Deer Lodge, Montana: Eurasian Collared Doves, Streptopelia Decaocto

Streptopelia? Huh. The Eurasian collared doves (Streptopelia decaocto) feeding in the Deer Lodge, Montana, front yard today turned out not to be mourning doves after all. That was a relief. Local dove calls had been somewhat unpleasant all summer long, producing a sound that was just plain (to my ear, at least) not nice. Why? I’d been both puzzled and irritated. When I was growing up on a ranch west of Drummond, Montana, just thirty-seven miles down the road from Deer Lodge, the dove calls were soothing. Comforting. Why did they sound so icky this year?

The answer turned out to be simple. Mourning doves, Zenaida macroura, are native to Montana. Eurasian collared doves are not. As a kid, I’d been listening to mourning doves. Guaranteed.

Even the names get the point across. Zanaida macroura (mourning dove) sounds kind of exotic and sexy. Streptopelia decaocto sounds like a horrible infection.

Still, it was a joyous thing, seeing the invader doves gathered under the spruce trees, at least a dozen of them. Most of them, most of the time, stayed on the ground, pecking away. A few, especially some of the juveniles who wanted to get going southward out of the cooler weather, perched on the top rail of the fence. Out came the Canon PowerShot camera.

Beyond one of the two front yard spruce trees, a Eurasian collared dove perches on the fence.

Eurasian collared dove in front of tree.

A juvenile Eurasian collared dove wants to know, “When are we heading south, Mom? This north country’s co-ol-ld!”

A flash of orange under-wings caught my eye. No dove, that was a young northern flicker, Colaptes auratus, a much loved woodpecker (except when it’s jack-hammering rotten eaves on your home, seeking insects). There’s an old belief that when a flicker cries, it’s going to rain, but I remember not the call of the flicker. I knew it when I was myself a juvenile, but that’s been more than a half century ago. A lot more. Might there be more flickers in the yard gathering? Yes. Yes, there was one. Another juvenile. Catching the bird in flight would be Mission Impossible as these birds do not mess around when they hit the air, but a still photo would be a lot better than nothing.

Juvenile northern flicker woodpecker, Colaptes auratus.

When did the Eurasian collared dove arrive in Montana? has this to say:

The Eurasian Collared Dove was introduced from Europe and has rapidly colonized North America. The first record of the species in Montana dates to 1997, but they are now widespread (Montana Bird Distribution Committee 2013). They may initially be confused with our native Mourning Dove, but are larger and heavier, have a broad square tail, and have a black collar on the back of their neck.

Okay, I was listening to native mourning doves in the forties and fifties. The bigger, less musical invader didn’t arrive in Montana until 1997. So, how do we know for sure that these are Eurasian collared doves? First, let’s look at the tail. Is it square?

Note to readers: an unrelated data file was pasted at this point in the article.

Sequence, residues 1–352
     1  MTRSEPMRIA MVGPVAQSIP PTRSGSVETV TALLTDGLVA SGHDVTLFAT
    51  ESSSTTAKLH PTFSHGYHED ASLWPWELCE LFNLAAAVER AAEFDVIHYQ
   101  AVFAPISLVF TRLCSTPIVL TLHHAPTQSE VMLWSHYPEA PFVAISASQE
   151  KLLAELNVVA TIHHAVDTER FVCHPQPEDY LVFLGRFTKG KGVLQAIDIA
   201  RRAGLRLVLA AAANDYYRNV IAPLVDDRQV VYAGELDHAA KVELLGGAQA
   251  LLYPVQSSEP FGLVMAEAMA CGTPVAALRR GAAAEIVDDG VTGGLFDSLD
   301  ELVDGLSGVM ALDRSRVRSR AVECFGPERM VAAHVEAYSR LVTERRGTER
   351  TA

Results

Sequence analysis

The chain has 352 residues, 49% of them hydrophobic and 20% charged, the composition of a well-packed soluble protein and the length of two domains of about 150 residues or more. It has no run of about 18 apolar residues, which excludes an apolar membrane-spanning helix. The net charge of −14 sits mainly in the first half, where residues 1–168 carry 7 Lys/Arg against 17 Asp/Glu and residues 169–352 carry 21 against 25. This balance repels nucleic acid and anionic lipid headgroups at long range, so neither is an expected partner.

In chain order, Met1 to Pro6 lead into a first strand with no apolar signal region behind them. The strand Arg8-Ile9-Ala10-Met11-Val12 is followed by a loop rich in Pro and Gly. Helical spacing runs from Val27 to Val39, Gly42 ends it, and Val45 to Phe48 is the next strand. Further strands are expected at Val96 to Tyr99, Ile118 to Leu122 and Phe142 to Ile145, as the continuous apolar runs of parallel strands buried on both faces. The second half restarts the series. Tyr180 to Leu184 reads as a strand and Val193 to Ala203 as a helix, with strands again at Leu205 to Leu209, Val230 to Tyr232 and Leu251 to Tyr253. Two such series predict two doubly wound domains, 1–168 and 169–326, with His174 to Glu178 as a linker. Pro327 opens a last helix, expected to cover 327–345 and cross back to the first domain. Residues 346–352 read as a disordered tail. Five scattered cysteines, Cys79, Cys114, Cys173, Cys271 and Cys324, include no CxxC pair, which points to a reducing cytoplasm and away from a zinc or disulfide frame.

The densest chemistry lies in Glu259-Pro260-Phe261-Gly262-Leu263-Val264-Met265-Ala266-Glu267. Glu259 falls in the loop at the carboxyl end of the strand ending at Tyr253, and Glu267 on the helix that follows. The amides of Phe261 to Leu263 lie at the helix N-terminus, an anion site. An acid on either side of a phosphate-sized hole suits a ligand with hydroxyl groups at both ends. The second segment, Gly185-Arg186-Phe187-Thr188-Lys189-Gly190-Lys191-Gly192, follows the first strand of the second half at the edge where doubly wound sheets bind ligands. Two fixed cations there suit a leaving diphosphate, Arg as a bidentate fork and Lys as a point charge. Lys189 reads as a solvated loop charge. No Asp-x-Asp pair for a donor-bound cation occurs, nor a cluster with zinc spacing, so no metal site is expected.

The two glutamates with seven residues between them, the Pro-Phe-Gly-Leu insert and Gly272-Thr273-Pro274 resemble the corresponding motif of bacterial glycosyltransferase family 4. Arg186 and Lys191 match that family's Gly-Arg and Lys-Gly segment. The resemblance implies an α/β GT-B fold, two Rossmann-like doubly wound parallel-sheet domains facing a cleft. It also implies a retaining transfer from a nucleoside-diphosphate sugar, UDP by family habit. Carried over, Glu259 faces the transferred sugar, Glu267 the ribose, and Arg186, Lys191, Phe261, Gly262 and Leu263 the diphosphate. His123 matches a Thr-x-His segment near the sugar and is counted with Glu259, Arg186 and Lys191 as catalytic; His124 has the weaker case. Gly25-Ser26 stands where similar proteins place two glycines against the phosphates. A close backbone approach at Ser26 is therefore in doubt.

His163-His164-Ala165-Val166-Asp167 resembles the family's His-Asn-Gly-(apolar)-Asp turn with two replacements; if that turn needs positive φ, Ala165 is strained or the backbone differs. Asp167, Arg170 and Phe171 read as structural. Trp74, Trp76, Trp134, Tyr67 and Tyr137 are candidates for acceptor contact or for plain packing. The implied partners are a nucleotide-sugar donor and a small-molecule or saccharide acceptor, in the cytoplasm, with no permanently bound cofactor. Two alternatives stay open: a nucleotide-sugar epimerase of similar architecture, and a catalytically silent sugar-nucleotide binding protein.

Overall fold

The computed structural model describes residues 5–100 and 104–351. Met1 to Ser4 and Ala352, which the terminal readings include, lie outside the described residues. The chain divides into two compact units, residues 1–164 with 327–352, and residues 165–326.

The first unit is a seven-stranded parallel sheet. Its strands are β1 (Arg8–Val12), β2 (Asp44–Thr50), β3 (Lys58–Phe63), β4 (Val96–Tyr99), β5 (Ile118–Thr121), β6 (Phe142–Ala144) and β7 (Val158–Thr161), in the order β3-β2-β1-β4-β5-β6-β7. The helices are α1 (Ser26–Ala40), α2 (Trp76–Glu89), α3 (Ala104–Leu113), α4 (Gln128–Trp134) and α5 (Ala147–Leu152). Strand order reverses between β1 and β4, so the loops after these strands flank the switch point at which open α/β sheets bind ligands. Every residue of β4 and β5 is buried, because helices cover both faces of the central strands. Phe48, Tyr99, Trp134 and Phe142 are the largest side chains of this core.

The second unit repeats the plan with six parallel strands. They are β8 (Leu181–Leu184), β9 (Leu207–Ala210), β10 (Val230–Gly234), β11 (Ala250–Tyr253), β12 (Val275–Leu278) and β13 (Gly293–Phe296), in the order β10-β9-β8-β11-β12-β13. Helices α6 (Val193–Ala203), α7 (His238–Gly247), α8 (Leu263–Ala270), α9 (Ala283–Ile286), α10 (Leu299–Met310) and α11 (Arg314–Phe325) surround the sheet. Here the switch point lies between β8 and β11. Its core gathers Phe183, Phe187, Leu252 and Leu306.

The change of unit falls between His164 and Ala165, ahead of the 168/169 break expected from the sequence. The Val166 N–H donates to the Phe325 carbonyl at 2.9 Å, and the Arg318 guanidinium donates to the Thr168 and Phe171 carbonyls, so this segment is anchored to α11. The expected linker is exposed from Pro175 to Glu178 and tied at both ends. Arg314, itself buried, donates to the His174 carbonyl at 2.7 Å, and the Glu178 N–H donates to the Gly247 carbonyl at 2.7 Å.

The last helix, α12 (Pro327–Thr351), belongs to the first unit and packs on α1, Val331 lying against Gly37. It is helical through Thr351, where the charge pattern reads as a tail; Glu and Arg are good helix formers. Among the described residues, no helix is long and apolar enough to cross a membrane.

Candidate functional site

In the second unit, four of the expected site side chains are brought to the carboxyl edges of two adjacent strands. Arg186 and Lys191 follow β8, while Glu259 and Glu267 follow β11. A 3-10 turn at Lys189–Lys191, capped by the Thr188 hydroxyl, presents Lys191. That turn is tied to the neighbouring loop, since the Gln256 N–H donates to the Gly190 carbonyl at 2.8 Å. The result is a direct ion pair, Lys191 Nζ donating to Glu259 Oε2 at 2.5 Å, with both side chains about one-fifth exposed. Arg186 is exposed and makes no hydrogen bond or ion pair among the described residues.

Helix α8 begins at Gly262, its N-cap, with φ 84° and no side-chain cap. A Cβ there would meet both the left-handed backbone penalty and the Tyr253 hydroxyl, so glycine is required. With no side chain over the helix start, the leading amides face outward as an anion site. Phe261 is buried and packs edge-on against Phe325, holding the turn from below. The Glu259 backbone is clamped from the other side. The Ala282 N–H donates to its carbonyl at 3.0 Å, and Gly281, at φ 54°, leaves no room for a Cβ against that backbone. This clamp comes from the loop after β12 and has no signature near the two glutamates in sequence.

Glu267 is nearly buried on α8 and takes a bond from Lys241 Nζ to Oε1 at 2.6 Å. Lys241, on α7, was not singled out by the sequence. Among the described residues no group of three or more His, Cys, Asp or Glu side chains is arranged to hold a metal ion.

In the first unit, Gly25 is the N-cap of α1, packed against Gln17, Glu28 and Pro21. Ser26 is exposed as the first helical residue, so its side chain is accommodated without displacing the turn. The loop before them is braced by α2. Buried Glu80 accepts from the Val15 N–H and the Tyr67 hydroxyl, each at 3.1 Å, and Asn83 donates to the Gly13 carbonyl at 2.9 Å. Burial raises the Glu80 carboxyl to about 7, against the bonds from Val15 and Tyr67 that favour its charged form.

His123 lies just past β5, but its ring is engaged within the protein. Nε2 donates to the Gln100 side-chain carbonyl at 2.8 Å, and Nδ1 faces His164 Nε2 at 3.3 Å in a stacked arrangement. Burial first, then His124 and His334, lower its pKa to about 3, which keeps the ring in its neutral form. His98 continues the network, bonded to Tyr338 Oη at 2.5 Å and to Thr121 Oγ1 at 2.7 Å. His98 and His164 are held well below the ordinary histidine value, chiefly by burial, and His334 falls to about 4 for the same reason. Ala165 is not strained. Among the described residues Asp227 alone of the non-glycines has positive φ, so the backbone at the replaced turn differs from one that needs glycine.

Oh yeah. That’s a square tail, all right. Eurasian collared dove.

These doves are clearly bigger and heavier than the mourning doves, as stated. Their black collars (around the back of the neck, more of a horseshoe, open in front) are not always visible from every angle on every bird, but for the most part…yeah. That works for identification.

Black “horseshoe” collar clearly visible on this Eurasian collared dove as it fluffs its feathers against the cooler Montana weather.

Black collars less visible on these going-away birds, but the square tails ID them as Eurasian collared doves nonetheless.

Good luck seeing the collars on these two.

WHOA! To my astonishment, multiple websites state in no uncertain terms that these doves do not migrate. They stay through the winter and can tolerate temperatures (according to some reports) down to twenty or even thirty degrees below zero Fahrenheit. I certainly don’t remember seeing them here last winter, but it was a hard season for me and perhaps I simply didn’t notice? That means my interpretation of the disgruntled juvenile’s attitude is off by a bit. It must be saying, “Mom, why do we have to stay here?”

Additionally, the Eurasian collared dove is unprotected and can be hunted throughout the year in many areas, though it would be a good idea to double check your particular state’s statutes before loading your shotgun. Various hunters rave about how yummy these larger-than-mourning-doves are. Even at their turbo-dove size, though, the entire birds only weigh 5.3 ounces (average) per flyer. Personally, since I quit hunting at age twenty-six and this flock is in town anyway, I’ll stick to domestic chicken.

If you do decide to target a few (or a few dozen) Eurasian collared doves because your wife doesn’t mind plucking feathers from a winged critter that doesn’t even have enough meat on its bones to make a decent sandwich, please make sure you don’t accidentally blast any mourning doves out of the sky. Those are protected.

A most exhaustive, informative forum on these birds can be found here.

Dove, dove, and more dove.

Fluffed-up juvenile Eurasian collared dove.

Here’s looking at you, kid.